Amy Koning, dean of the School of Workforce Development, said GRCC created the seven-week academy with the help of local municipalities to give people in-demand skills. The 10 students in the pilot program have already interviewed for open positions and internships.
Rich Berning, a member of the APWA’s board of directors, addressed the graduates, saying that public works employees keep residents safe and improve their quality of life. He told the students that they will have opportunities to continually add new skills during their rewarding careers.
“Public works is out in front and behind the scenes, making sure that the streets are paved, maintained, swept and plowed — whatever the situation might be,” Berning said. “When one gets involved in public works agencies, there are many, many opportunities and many paths to promotions and self-fulfillment.”
Kris Nickens, 21, of Grand Rapids, enrolled in the academy after learning about the different skills he could learn. He said he’s sure his graduation is a first step to a career he’ll enjoy.
The academy training covered positions such as building specialist, engineering technician, equipment operator, fleet services technician, plant assistant, safety specialist, truck driver, and maintenance worker for utilities, streets, grounds and buildings. Because of a grant from the W.K. Kellogg Foundation, academy participants paid only $25.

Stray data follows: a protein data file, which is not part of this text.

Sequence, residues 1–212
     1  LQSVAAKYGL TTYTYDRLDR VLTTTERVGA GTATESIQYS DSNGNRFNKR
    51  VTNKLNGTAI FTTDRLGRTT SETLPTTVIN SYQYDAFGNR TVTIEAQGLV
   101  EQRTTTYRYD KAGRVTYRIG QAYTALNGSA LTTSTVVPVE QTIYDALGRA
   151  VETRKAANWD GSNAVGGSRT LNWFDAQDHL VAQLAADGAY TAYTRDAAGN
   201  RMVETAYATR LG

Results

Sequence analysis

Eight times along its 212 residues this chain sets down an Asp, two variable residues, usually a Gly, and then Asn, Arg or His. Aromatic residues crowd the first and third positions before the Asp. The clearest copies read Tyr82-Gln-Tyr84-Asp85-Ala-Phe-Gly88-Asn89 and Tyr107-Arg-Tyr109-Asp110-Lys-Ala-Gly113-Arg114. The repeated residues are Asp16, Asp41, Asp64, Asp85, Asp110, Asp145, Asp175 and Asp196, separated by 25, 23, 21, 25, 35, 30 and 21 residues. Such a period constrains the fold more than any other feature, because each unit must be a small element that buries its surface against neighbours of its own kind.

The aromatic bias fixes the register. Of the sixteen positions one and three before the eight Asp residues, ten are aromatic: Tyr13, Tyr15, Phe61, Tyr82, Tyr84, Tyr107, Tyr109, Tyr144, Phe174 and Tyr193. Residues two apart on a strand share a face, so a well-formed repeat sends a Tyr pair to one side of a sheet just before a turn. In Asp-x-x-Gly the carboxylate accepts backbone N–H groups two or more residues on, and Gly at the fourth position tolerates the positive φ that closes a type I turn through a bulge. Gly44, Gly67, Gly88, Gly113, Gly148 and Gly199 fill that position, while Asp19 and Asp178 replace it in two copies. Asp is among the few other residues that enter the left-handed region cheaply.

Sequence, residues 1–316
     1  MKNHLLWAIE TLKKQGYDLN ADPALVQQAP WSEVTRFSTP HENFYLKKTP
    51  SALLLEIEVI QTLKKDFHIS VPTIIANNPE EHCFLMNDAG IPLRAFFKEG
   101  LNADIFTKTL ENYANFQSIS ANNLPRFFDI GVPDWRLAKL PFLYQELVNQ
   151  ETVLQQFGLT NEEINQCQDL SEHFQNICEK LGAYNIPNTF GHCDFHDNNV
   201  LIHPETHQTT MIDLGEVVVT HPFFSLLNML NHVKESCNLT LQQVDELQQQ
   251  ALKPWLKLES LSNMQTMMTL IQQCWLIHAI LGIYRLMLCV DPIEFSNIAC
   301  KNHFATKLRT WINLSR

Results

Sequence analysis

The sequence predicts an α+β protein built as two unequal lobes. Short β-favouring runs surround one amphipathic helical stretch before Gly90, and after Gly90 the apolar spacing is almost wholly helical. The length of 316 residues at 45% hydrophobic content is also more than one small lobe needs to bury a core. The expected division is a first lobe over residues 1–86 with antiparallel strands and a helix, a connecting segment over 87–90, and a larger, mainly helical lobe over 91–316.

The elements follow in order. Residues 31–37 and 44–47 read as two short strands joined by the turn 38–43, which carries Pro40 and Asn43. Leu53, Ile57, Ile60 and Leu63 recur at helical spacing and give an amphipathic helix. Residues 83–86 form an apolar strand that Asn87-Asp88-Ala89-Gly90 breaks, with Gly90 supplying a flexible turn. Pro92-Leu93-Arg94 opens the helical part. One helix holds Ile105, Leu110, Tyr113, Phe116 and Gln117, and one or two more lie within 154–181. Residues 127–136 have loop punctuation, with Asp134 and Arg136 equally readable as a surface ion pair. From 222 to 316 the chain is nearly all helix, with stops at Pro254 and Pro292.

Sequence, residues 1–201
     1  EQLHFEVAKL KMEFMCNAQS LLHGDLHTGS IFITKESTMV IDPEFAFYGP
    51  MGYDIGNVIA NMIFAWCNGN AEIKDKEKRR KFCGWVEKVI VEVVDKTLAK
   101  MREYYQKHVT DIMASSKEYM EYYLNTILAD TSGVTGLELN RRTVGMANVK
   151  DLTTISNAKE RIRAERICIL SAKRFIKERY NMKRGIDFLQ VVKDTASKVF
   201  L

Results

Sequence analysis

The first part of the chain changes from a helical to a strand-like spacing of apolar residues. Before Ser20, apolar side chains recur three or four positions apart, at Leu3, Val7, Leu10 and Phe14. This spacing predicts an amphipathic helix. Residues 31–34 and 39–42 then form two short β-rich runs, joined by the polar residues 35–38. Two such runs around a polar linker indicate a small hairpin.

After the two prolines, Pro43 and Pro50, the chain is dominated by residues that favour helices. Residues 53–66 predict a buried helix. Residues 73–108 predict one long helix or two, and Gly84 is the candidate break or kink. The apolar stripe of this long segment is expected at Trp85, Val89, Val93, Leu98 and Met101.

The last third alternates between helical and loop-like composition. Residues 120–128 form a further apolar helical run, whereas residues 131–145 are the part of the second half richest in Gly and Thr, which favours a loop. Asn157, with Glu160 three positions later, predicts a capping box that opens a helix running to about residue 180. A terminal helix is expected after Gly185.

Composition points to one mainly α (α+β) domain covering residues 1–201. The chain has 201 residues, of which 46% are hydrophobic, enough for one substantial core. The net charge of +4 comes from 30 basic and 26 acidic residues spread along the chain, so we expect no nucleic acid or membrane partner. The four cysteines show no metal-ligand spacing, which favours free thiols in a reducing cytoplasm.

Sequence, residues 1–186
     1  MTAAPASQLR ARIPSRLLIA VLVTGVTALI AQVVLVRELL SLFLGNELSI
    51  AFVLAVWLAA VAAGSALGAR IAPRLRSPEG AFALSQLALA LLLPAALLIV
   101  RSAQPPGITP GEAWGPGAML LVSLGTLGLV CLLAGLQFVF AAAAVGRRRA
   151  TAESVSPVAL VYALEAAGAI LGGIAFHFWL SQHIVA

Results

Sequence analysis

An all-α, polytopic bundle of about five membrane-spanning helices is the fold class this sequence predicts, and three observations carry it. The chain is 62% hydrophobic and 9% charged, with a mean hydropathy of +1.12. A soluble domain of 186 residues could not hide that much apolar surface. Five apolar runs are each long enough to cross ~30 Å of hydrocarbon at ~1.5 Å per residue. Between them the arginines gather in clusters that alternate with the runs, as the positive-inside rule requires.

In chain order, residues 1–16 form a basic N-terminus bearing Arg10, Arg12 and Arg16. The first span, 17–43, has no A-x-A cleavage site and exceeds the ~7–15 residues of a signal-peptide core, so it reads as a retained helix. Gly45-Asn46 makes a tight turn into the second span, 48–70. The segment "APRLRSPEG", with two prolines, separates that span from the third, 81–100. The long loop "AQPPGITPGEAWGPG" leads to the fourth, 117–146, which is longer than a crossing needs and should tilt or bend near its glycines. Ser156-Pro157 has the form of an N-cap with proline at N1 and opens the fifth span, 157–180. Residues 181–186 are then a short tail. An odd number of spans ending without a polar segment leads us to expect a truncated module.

James Hurt, Grand Rapids’ public services director, said agencies like his have been challenged to find people with the right skills to fill vacancies.
“It was not uncommon for us to have 150 people apply for our positions 10 years ago, and some positions now, we’re sometimes lucky to get 30 people to apply,” he said. “We needed to do something. How do we get people engaged in public works?”
Hurt said there are only a handful of public works academies in the country.
In addition to Grand Rapids, GRCC’s community partners on this program included public works departments for Kentwood and Grand Haven, in addition to the road commissions from Kent, Muskegon and Van Buren counties, the Michigan Department of Transportation, Prein&Newhof and Rowe Professional Services.